This particular mask has a long nose dividing the
face in two. The shape of the beak suggests a hornbill, a sacred bird.
mask is known under the name of Dyodyomini. Such masks were used
during the Dama ceremonies.
The mythical story on the creation of this
mask tells that while the son of the deceased was dancing alone close to
their house, a bird landed there and Yasignine, the only woman admitted
into the men's society (awa), started to feed the bird with some grains. An
old man who was watching the scene took the bird and carved a mask that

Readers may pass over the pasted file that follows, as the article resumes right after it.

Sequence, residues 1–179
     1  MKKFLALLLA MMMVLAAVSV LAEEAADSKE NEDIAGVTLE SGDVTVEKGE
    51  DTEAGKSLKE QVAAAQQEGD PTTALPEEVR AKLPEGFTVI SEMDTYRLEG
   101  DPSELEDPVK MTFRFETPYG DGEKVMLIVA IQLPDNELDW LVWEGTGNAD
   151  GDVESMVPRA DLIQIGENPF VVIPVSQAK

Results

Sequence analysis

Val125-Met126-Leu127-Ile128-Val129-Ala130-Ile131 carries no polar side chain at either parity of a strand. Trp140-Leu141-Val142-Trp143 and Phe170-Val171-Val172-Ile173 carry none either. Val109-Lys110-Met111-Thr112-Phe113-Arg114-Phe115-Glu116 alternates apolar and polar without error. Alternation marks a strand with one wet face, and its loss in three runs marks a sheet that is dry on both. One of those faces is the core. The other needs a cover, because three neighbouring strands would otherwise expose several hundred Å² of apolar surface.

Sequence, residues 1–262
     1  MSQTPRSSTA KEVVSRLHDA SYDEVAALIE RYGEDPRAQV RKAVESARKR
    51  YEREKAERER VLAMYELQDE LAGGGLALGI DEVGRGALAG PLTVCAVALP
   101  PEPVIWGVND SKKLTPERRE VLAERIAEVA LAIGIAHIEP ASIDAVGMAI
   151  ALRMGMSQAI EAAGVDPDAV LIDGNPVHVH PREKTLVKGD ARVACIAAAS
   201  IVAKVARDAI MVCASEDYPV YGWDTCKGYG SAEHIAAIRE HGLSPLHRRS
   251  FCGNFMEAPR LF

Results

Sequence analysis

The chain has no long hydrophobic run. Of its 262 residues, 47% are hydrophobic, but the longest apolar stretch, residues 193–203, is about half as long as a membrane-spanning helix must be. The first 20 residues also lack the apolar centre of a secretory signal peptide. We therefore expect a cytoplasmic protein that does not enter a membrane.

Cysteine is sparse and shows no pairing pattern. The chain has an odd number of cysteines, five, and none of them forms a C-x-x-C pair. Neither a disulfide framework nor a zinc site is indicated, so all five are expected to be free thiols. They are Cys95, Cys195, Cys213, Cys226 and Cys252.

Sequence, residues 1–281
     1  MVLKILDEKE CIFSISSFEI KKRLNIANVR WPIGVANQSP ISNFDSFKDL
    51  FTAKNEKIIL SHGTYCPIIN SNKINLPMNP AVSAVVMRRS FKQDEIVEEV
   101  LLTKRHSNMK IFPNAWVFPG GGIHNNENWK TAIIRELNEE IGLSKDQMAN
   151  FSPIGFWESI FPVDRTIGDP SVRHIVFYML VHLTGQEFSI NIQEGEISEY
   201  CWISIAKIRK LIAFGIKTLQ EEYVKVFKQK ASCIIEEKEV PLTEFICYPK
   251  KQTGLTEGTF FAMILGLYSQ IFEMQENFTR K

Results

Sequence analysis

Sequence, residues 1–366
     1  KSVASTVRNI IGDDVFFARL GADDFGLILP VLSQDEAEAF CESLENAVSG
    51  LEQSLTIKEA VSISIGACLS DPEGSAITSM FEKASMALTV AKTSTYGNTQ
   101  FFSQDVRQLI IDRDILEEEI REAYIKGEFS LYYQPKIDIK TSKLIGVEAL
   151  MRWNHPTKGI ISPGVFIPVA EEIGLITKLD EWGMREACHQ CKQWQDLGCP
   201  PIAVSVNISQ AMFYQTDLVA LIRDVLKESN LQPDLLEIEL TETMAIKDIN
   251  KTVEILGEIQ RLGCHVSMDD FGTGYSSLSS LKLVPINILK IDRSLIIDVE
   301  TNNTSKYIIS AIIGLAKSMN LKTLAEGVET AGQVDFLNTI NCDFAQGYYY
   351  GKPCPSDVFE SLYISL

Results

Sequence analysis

resembles the bird and named the mask Dyodyomini. The piece evokes a
captured bird in Dogon mythology.
The Dogon, numbering about 250,000,
are one of the most remarkable cultures in the world. After many centuries
of cultural isolation, Dogon art remains remarkably unaffected. Br>Height: 27 1/2" x Width 6 1/2" Depth 15"
Note: It appears that there was a figure once connected to the back of the mask, which has long since vanished, which is why this mask is an as is sale.